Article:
In some ways, I feel I am still in the state I was when I was travelling. That is something I am grateful for. Not always, but often, things seem less oppressive, less of a sentence I can’t escape, because I know they are temporary. I am just passing through, I am just passing through. Again and again the image has come to me that was a constant companion on my travels: of my feet walking and leaving no prints, the image of passing through this earth, passing over this earth and leaving no trace. Instead of frightening me now, it comforts me.
I got my sleeping bag out a few days ago, as I began to gather the things I will need for my next trip. (A month seems a very short time now.) A fierce relief gripped me as I held my sleeping bag, a sense of coming home, being myself once again. I drove out into west Wales two days ago, achingly beautiful in silent snow. Part of me longs for a house, fiercely longs for a house in quiet and space, with a fire, a reading and writing room, a dance/yoga studio, a kitchen, maybe a dog, remote, surrounded by fields and hills and trees and not too far from the sea. Another part of me equally fiercely knows itself at home when I am on the move and is relieved at the order, the simplicity of condensing my life to a suitcase, a rucksack, something very portable.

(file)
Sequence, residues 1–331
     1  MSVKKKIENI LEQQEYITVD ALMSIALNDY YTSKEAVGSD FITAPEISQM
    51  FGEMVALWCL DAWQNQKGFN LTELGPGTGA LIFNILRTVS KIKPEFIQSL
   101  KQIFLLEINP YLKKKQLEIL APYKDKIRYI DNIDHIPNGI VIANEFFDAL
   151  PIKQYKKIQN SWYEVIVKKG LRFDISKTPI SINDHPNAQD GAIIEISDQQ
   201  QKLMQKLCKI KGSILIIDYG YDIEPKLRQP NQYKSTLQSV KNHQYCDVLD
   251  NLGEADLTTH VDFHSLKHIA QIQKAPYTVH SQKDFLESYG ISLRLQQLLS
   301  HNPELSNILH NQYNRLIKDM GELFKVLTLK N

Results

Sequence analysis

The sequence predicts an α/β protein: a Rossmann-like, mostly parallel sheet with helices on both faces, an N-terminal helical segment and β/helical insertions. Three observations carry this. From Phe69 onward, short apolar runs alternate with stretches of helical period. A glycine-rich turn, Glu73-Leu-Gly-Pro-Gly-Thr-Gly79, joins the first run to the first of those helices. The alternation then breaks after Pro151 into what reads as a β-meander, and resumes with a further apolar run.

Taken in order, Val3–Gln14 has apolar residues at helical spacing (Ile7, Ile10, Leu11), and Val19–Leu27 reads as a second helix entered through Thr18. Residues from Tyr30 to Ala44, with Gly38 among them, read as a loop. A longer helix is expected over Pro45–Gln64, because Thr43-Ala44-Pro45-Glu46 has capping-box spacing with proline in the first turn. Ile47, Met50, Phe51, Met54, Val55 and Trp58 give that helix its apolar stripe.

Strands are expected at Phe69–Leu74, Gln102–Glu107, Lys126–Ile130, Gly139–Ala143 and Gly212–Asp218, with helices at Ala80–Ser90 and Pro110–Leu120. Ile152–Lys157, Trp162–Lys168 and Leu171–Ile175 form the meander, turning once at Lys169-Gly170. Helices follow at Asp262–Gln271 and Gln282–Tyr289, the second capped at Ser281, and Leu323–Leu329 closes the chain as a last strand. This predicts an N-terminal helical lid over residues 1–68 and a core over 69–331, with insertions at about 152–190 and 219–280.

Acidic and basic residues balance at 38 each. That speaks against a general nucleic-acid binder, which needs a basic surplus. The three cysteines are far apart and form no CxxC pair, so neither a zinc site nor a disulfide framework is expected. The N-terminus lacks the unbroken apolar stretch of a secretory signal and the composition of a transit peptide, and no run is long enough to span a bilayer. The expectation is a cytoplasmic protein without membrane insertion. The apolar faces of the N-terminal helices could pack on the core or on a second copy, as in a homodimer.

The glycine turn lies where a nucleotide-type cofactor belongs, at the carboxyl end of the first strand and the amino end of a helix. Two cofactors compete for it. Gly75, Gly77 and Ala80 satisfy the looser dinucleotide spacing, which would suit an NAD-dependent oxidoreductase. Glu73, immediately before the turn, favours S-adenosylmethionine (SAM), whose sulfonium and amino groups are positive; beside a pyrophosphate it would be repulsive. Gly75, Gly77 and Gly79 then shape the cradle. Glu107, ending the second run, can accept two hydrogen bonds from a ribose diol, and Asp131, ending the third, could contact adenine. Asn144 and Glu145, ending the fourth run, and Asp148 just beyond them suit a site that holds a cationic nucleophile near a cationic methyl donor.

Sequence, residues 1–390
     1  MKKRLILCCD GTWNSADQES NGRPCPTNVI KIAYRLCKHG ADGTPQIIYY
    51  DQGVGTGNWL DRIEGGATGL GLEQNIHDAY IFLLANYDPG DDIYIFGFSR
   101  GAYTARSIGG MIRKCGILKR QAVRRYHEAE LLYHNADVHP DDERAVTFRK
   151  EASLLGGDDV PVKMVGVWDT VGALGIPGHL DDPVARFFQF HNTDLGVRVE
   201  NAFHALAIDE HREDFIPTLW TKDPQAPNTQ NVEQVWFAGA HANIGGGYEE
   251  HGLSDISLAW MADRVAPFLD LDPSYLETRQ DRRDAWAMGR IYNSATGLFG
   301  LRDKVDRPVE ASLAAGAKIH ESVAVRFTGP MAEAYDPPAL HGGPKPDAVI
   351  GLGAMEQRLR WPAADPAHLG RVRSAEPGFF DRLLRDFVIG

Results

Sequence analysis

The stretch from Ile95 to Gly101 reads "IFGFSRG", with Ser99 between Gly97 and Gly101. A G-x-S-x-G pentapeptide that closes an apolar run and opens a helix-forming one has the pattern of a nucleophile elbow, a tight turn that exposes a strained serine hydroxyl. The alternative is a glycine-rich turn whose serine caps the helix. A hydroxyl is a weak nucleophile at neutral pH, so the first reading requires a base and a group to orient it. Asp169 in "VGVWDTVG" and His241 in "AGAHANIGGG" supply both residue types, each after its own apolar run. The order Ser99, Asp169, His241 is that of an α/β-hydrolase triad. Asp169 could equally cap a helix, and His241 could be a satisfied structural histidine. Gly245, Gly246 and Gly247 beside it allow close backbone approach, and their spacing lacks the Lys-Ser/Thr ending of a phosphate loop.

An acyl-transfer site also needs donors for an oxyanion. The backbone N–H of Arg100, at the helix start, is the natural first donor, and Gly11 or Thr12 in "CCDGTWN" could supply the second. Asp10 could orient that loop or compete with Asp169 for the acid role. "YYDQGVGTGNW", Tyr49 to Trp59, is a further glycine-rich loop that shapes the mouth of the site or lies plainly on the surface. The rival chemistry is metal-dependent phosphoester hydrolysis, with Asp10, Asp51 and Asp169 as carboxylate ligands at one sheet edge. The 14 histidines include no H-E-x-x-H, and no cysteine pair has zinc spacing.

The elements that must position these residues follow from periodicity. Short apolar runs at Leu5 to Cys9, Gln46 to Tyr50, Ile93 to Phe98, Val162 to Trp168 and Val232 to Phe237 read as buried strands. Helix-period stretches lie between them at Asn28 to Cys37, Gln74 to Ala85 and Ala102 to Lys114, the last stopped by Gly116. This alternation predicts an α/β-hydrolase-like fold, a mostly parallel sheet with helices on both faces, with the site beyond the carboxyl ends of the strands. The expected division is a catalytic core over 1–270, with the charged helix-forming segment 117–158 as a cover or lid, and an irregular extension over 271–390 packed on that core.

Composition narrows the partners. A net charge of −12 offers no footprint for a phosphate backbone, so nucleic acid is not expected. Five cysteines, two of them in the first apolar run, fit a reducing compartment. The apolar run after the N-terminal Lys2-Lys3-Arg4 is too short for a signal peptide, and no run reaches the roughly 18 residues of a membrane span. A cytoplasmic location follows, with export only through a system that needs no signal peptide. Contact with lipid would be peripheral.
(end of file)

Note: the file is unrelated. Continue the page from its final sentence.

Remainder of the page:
As I cannot afford much of either at the moment, I should be grateful that this is not a choice I have to make. But I am not quite.
I am not sure if it’s the effect of my travels, the meditation boot-camps or just encroaching middle age but I feel myself better at accepting what comes to me. Yes, I still find it difficult, I still get frustrated but monotony doesn’t reduce me to the neurotic and miserable wreck it once did. Perhaps it is my increasingly conscious experience of impermanence, of change. I have felt far more isolated over the last few months than I was at any point in my wanderings. The two or three times I have had contact with friends who know or care anything of what I do and love and am, I have flooded them with a torrent of verbal diarrhoea, an untrammelled outpouring of recognition and relief. But the isolation too is alright, if a bit sad at times.